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Culture Secretary insists new music-maker remuneration working group will not become a mere talking shop

By | Published on Wednesday 7 June 2023

Houses Of Parliament

UK Culture Secretary Lucy Frazer yesterday reassured MPs on Parliament’s culture select committee that the recently announced government-led working group on music-maker remuneration will be effective and set out to deliver solutions, and not just become a talking shop.

She was responding to concerns expressed by committee member Kevin Brennan MP that some in the music industry are pushing for the terms of reference for that working group to be so wide that it will not be able to focus on the core issues.

The new working group, confirmed last week, is part of ongoing work initiated by the government following the select committee’s big inquiry into the economics of music streaming back in 2021.

Working groups were previously convened to discuss issues around data and transparency in the music streaming domain, the former resulting in a metadata agreement that was signed last week, and the latter in a similar transparency agreement that is now in the final stages of negotiation.

However, when it came to the various remuneration issues raised by the committee, the government initially commissioned research into the copyright law reforms that MPs had proposed to address said issues, rather than facilitating any active industry discussions.

During a general session before the select committee yesterday, Frazer told MPs: “I am really pleased with the work that the industry has done to ensure that the right answers are reached – and you mentioned the announcement last week both in terms of the metadata agreement and the progress on transparency”.

“I do think it is really important in all these sub-sectors”, she went on, “that … organisations within industry work together to resolve the issues of the industry, and I’m really pleased that music has done that”.

However, music-maker remuneration is the area where there is the most disagreement within the music industry, which will make it trickier to reach any consensus within the newly convened working group. Things are also complicated somewhat by the fact that the specific remuneration issues are different for different groups of music-makers. So new artists, heritage artists, session musicians and songwriters all face different challenges.

Among the label community, some – especially independents – acknowledge there are issues still to be addressed, especially in relation to heritage artists and session musicians. Although few labels support the copyright reforms proposed by the select committee and those that acknowledge the issues would prefer voluntary industry-led solutions.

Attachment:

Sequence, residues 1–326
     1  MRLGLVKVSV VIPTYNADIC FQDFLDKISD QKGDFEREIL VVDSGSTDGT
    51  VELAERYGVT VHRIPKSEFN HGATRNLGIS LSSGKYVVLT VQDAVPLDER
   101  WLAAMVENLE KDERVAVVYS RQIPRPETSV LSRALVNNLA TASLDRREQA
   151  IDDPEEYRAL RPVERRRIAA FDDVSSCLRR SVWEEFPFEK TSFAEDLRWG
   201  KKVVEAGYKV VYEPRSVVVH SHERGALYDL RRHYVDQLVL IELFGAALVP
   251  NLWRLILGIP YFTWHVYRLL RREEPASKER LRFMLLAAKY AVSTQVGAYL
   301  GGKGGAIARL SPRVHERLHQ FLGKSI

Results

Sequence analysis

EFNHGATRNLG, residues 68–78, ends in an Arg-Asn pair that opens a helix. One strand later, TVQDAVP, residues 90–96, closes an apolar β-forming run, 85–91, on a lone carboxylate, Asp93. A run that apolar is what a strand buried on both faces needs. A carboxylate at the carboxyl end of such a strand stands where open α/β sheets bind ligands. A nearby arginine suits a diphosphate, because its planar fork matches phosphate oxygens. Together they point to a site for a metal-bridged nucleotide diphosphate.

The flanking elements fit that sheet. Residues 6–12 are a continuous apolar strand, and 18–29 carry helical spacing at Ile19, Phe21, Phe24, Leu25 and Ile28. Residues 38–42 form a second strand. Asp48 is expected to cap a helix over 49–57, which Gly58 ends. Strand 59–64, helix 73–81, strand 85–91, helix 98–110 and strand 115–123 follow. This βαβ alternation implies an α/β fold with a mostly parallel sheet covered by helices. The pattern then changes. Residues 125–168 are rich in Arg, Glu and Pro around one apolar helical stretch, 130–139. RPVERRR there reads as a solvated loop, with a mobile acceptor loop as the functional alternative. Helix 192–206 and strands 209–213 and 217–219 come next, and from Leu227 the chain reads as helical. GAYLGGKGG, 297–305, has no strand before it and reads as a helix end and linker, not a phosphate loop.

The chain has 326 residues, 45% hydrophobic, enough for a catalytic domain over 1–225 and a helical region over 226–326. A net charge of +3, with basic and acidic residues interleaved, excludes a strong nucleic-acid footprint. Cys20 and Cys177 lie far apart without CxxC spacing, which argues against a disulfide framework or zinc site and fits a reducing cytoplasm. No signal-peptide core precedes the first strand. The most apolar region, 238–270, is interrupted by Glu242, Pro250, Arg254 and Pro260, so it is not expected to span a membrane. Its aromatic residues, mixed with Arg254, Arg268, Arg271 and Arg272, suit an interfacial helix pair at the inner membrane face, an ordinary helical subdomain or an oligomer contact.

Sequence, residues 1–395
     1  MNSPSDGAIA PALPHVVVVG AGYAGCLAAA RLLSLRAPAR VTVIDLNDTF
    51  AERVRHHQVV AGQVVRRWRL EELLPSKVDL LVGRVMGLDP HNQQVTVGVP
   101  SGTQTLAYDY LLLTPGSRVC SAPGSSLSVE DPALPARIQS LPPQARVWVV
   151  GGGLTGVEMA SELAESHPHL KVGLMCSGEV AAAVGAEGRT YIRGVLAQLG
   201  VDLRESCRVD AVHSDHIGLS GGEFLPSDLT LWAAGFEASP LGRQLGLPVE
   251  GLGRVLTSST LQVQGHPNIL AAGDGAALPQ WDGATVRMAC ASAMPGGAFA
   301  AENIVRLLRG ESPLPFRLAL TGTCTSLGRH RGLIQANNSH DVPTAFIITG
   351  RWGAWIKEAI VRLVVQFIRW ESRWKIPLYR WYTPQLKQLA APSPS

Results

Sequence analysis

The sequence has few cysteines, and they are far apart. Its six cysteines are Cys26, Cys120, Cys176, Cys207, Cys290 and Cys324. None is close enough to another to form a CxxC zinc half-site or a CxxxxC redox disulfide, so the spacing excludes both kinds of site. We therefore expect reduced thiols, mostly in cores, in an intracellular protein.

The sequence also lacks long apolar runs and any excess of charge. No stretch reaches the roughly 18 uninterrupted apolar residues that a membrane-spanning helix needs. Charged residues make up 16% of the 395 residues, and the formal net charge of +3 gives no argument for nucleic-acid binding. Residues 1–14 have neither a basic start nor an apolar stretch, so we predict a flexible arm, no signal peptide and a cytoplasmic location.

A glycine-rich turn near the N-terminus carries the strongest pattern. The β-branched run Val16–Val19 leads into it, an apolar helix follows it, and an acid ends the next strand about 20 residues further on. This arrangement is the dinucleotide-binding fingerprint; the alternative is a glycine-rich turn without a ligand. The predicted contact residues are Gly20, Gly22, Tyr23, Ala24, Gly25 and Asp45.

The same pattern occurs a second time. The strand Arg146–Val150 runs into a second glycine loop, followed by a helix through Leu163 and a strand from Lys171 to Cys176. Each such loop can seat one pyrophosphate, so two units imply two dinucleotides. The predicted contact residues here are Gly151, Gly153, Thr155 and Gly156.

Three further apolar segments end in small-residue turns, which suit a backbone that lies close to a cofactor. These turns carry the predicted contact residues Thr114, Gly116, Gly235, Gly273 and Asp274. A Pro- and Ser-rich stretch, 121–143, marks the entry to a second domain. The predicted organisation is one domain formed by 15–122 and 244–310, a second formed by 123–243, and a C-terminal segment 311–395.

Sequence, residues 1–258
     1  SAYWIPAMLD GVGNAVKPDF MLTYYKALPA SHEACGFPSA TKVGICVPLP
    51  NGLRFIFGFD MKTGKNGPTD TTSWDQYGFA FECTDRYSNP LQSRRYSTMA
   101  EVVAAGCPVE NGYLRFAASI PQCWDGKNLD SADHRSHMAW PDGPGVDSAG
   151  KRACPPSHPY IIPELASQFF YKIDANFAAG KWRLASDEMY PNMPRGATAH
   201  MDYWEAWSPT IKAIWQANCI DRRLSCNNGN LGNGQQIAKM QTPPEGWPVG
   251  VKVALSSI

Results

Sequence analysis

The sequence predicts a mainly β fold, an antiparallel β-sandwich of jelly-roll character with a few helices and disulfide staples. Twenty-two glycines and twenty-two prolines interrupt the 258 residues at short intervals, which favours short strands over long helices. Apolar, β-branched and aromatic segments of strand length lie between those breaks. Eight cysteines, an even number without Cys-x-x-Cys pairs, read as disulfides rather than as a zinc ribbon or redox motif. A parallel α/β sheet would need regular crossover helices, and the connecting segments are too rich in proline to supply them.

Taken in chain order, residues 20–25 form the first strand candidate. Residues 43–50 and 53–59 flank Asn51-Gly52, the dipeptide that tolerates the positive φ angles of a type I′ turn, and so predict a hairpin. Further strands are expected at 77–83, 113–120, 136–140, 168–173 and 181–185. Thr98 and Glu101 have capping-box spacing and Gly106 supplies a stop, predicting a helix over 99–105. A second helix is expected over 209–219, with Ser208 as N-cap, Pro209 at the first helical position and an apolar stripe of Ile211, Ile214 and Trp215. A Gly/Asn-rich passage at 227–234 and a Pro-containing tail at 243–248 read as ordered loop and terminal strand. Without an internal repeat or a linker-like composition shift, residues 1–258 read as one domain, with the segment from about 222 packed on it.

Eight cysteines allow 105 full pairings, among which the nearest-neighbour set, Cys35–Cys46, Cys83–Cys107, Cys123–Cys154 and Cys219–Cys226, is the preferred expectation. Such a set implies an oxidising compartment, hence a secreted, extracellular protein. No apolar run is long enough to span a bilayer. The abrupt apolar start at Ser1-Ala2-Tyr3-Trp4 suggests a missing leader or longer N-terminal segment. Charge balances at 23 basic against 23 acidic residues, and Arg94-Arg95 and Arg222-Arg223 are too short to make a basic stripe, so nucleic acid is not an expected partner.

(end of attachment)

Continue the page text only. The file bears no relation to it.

But some – especially the majors – generally dispute many of the remuneration issues raised by the music-makers and MPs on the select committee. They argue that modern record deals are much more generous to artists and that – by committing to pay through royalties to unrecouped heritage artists – issues in that domain have been addressed too, even if much lower CD-era royalty rates are often being applied.

The majors are also prone to argue that the priority for government – and for the music-maker community for that matter – should be ensuring that the UK record industry can compete in an increasingly competitive global marketplace. And/or that the focus should be whatever copyright issue the majors are prioritising right now – so a few years ago that was the ‘value gap’, in a few years time it will be the sound recording copyright term in Europe, but right now it’s AI.

Following the confirmation last week that a remuneration working group will be convened – which in itself proved controversial in some parts of the music industry – now the government is trying to work out what the terms of reference for that working group should be. Which brings us to Brennan’s concerns.

After praising the government for its ongoing work around music streaming – and welcoming the new remuneration working group – the MP said: “There is some concern, I think, because, of course, it’s also terms of reference that count in relation to these sorts of groups”.

“And it’s come to my attention”, he added, “that there’s some in the industry saying privately that they would like to water down the government’s intentions with this remuneration working group by making sure that the terms of reference are sufficiently diluted or wide that it can’t really focus on the central issue here, which is creator remuneration – will you commit to the committee that you won’t let that happen?”

He subsequently noted that the current lobbying focus in the music industry at large is on AI, but urged Frazer to ensure that those conversations aren’t used to drown out other issues. “There’s talk about AI which is very important”, he observed, “but really this is a group that is – as I understand it – intended to focus on the issues that this committee raised about remuneration across the industry”.

Responding, Frazer again stressed her preference for industry-led solutions, noting that “the industry has done a lot”. However, she added, “I’m really not interested in working groups that aren’t there for a purpose. I’m not going to set out here what the terms of reference are going to be, but I’m very happy to update you on those terms of reference”.

Those terms of reference are still in development, she added, insisting that all stakeholders across the music industry would have an opportunity to input on what the agenda of the new working group should include.

Her overarching aim as Culture Secretary, she said, was “to deliver and not mess around”. And therefore, “if we are going to have a working group it is going to do something and be effective”.